“Surprised by Freud”
by John Beversluis
Christianity and Literature, Winter 1992
A review of A. N. Wilson’s Lewis biography
First, the Anscombe debate was by no means Lewis’s first exposure to a professional philosopher: he lived among them all his adult life, read the Greats, and even taught philosophy.
Second, it is simply untrue that the post-Anscombe Lewis abandoned Christian apologetics. In 1960 he published a second edition of Miracles in which he revised the argument of his third chapter and thereby replied to Anscombe.
Third, most printed discussions of the debate, mine included (65-73), fail to mention that Anscombe herself complimented Lewis’s revised version on the grounds that it is deeper and far more serious than the original version (see Anscombe ix-x).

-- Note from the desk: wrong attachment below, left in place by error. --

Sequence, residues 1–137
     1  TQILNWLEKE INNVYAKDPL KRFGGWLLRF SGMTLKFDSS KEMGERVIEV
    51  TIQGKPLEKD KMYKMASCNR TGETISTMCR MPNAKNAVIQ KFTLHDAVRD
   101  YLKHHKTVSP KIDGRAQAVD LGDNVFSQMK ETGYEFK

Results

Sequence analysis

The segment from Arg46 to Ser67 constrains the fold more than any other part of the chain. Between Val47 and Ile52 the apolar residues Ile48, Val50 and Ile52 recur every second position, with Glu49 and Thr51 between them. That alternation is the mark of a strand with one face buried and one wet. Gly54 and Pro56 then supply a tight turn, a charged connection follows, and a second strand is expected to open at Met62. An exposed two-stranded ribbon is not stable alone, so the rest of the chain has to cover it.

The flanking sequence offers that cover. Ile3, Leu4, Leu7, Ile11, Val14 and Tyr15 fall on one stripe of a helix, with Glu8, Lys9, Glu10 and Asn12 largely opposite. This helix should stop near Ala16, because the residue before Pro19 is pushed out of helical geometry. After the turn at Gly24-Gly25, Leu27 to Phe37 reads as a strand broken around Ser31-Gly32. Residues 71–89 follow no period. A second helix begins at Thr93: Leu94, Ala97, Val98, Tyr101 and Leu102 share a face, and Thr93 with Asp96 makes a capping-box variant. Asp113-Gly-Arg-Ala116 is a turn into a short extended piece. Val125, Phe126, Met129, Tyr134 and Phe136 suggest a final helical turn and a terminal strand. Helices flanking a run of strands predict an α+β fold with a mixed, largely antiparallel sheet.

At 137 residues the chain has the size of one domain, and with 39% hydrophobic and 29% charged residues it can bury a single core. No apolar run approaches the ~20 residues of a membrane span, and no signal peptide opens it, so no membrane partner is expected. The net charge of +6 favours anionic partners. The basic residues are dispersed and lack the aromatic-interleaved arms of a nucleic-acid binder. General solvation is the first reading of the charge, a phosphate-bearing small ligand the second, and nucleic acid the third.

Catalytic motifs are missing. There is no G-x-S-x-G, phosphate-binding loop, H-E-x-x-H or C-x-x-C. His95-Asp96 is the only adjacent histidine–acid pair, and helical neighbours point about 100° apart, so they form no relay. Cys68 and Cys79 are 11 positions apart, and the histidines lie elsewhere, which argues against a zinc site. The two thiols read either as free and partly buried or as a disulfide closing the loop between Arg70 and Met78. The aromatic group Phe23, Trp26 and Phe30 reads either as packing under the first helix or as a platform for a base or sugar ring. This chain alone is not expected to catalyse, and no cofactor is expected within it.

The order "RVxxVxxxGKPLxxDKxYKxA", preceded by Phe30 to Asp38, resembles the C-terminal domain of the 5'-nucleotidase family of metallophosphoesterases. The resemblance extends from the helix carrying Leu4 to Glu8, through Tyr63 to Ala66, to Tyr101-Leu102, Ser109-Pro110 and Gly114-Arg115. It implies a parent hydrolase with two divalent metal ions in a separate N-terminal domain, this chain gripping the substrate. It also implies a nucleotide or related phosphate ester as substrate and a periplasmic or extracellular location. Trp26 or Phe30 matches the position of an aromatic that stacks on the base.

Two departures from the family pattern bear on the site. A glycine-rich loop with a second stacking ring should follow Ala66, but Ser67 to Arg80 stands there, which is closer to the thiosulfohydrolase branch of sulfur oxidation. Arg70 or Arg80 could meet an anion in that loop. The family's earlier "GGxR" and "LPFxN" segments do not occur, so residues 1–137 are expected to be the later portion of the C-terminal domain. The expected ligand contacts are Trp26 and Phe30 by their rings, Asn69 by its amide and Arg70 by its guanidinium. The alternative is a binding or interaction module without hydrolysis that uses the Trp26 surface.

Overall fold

Finally the myth that Lewis abandoned Christian apologetics overlooks several important post-Anscombe articles, among them “Is Theism Important?” (1952) — a discussion of Christianity and theism which touches on philosophical proofs for God’s existence and their relevance to the religious life — and “On Obstinacy of Belief” (1955) in which he defends the rationality of believing in God in the face of apparently contrary evidence (the issue in philosophical theology during the late 1950s and early 1960s). It is rhetorically effective to announce that the post-Anscombe Lewis wrote no further books on Christian apologetics, but it is pure fiction. Even if it were true, what would this Argument from Abandoned Subjects prove? He wrote no further books on Paradise Lost or courtly love either.